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Tag Archive - working artist

Studio Rules

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Years ago, a friend of mine mentioned that her family, who are all artists, have family studio rules. I thought this was a good idea to implement for myself and I’m sharing in case you find them helpful as well.

Here are my basic rules. Let me know what additional rules you may have below.

1. No work is started without a signed contract. Even if they are a friend, and I know them well.

2. 50% deposit is required at beginning of work, even if they are a friend and I know them. (Yes even good friends can be flakey.)

3. Contract states exactly what is expected for the piece, and any big changes create a change order (and additional money).

4. Anyone who wastes my time with phantom shows/events that fall through at the last minute does not get a second chance.

5. All work left anywhere has at minimum a consignment sheet, with agreed to price, inventory number if applicable, and sales fees stated, signed by the owner before the artwork is left.

6. Collect sales tax on all in-state purchases. Because not collecting tax equates to giving someone an additional 9% discount, as I then have to pay the sales tax myself. (Some artists simply factor this into their pricing. I however find it a little messy to try and back out the tax after a sale, and prefer to simply add that onto the sale at the end.)

I have found that besides saving me a lot of headaches and frustration, having studio rules is an easy way to make things less personal. By that I mean, if you tell someone No, they can get upset. But when you let them No, you have a set of basic business rules, that apply to all clients, there is less chance for a client or potential client to take this personally.

What are some of your studio rules? I’d love to hear from you below. Thanks!

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Redefining What It Means To Be An Artist

“Entrepreneurship is living a few years of your life like most people won’t, so that you can spend the rest of your life like most people can’t.” – Anonymous

I love this quote. It doesn’t mean you have to be a “starving artist” at any point in the journey. But it does mean you probably will have different priorities with your “free” time than most when you first start making your goals into reality. And it may mean that you do both for a while – a job and your own thing. Or if you are lucky, maybe you find a job in the art field, and do great there as well.

The awesome thing about being an artist, is that there are so many ways to succeed at it. I know people who spend all day in Hollywood, drawing, painting or creating. And I know people in the corporate retail space, designing and creating every day there too. I also know fine-art artists who do the festival and gallery scenes and may or may not have a job somewhere else. None of those options is wrong – that’s the beauty of it.

No one is saying quit your day job today. Unless you can, and/or you feel so inclined. I have a friend who instead of quitting his day job, started freelancing on the side. And then after a while he also started his own website. Wow – I mean this guy is killing it in two additional markets, while still keeping his day job. And so after 2 years of his website being kicked off, he’s making good money. Enough that if his day job said good bye, he’s be ok.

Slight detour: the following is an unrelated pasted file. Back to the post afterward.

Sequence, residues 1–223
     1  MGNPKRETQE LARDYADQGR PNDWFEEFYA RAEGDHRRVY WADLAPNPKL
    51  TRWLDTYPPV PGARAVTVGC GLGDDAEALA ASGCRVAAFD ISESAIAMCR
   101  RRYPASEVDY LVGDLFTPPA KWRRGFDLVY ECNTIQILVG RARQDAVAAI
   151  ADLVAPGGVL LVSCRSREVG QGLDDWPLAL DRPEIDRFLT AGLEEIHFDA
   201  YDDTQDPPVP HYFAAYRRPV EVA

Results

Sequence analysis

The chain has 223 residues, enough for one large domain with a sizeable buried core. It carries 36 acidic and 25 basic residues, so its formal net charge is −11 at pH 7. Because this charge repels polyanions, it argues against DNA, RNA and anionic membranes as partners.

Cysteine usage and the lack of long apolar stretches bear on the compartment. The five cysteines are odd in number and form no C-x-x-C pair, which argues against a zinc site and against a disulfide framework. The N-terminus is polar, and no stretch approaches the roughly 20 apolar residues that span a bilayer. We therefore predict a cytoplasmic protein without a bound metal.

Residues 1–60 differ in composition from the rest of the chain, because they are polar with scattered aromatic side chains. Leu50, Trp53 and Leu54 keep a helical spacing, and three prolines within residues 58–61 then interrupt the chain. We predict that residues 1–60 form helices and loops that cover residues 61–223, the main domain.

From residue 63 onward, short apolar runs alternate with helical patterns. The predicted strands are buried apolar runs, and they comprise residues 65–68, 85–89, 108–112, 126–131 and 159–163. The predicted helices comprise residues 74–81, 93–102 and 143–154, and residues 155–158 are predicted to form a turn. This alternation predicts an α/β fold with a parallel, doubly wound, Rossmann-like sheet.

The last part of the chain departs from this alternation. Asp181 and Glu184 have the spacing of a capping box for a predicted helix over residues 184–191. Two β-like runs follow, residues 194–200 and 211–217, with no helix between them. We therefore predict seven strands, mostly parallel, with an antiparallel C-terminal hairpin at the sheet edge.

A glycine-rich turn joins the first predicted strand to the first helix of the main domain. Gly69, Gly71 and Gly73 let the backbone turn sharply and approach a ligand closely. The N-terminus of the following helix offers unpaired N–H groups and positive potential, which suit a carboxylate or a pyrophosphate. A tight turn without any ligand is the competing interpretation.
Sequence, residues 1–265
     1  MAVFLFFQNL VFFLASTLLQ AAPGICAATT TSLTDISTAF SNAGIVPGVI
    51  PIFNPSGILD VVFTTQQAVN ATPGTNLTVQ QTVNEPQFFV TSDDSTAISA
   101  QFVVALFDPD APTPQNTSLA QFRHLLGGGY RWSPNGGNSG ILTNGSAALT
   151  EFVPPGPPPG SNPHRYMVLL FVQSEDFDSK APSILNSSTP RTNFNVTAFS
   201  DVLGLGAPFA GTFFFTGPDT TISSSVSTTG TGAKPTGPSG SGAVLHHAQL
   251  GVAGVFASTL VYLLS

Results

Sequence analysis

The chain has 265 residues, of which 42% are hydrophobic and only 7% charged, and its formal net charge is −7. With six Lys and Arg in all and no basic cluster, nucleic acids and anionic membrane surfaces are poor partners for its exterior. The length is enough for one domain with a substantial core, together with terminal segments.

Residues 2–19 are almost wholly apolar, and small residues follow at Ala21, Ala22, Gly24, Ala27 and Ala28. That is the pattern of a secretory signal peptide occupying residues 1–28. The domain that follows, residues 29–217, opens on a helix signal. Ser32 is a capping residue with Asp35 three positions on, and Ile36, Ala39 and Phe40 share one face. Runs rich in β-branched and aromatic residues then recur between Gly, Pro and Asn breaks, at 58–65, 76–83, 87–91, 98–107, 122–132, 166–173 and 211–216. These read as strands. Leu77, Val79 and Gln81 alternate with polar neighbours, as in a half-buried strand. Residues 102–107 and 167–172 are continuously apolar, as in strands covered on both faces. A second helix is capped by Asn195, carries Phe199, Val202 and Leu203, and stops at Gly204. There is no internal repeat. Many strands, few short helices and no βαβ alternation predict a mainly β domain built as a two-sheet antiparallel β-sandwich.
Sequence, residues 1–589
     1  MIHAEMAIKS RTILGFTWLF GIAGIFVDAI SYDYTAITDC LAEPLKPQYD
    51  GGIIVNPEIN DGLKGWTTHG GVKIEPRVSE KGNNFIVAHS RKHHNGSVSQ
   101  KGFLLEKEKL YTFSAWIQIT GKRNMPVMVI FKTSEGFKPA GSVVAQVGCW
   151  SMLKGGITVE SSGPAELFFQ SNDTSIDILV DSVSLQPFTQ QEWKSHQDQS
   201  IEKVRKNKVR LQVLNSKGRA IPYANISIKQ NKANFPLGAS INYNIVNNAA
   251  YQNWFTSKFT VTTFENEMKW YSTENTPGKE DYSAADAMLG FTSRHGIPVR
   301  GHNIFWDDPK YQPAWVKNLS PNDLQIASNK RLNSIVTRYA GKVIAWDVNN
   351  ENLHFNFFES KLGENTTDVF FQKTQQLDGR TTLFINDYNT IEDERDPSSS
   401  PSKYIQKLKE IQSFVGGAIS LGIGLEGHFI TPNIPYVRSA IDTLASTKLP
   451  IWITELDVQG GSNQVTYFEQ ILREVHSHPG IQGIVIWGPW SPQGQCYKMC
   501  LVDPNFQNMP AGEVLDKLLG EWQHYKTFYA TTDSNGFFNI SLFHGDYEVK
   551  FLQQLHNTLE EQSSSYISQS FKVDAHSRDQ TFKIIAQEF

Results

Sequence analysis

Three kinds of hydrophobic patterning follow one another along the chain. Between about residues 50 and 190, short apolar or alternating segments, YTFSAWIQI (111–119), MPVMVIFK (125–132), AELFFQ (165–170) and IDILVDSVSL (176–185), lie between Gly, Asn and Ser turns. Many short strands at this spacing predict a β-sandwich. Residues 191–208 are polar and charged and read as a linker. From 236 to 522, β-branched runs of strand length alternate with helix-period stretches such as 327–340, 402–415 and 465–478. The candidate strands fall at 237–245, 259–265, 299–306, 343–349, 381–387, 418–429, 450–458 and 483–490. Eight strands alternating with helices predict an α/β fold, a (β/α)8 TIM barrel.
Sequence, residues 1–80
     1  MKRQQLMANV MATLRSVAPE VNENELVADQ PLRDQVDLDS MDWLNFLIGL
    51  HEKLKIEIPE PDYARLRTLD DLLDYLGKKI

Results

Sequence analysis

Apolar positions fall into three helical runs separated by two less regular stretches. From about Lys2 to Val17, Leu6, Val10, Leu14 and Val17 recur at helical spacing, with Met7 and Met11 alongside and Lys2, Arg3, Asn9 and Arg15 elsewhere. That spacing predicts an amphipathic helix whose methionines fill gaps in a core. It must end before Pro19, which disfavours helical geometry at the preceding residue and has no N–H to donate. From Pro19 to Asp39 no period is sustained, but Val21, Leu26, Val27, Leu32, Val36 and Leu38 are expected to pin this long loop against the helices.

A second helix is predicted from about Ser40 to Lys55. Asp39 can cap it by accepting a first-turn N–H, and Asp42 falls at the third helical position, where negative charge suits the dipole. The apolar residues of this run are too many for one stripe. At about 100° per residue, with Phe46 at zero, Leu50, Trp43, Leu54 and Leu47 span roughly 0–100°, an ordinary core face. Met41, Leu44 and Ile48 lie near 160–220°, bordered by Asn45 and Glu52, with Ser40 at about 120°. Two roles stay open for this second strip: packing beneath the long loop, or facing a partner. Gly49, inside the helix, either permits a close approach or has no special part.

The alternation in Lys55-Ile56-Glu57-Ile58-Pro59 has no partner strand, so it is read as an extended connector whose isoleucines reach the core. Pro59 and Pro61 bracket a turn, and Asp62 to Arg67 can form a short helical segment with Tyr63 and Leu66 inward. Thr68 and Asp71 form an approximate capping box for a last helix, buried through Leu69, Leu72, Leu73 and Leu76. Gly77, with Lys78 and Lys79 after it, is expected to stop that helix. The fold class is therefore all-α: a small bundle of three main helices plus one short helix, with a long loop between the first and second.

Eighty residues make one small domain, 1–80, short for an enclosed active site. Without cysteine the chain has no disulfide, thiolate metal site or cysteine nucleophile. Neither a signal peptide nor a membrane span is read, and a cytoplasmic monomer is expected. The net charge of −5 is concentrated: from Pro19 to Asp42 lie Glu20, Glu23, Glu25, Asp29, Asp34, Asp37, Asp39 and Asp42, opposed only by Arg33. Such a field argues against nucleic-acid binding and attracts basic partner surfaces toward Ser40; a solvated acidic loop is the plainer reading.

But what this meant was while everyone else was out drinking at the bar on a Saturday night, he was home working on projects, working with this web developers and creating an online outlet for his work. And since his day job normally didn’t require more than 40 hours a week, he was able to work a bit a couple nights a week and still enjoy life. Did he maybe turn down a more “prestigious” corporate job, that would have required more hours in order to fulfill his long-term goals? Yes. And that’s OK. I don’t know anyone who knows him who would think he lacks ambition or is lazy.

I remember when I was working “part time” as a consultant at a big firm. This meant by the way that I would still work up to 50 hours a week at least one week a month. (Crazy I know). I was accused by management of not having ambition because I didn’t want to be a Partner in a Big 4 consulting firm. But anyone who knew me or worked with me knew differently. They knew I gave my all at the client. And then I went home and worked long hours on my art. When I got laid off, I began living somewhat off savings, in order to work 100% on my art. Because I had an all-or-nothing attitude at that point.

Is either of these routes for everyone? No. You can sell your art and not worry about making it your sole income and still be considered a working artist. But, if you are thinking about making art your full-time gig – just know a little bit of sacrifice may be needed in the short term – but rewards will follow in the long term.

That friend I told you about? He still works his day job. But then goes on amazing globe trotting adventures a couple times a year. All because he was willing to think smarter, and work weekends and some nights on his dream. And he’s one of the most creatively fulfilled artists I know.

As for me, I’m currently working 1/2 of the year as a consultant, and the rest of the time I spend on my art.

So choose your own path, blaze your own trail, and start living the life you were meant to.

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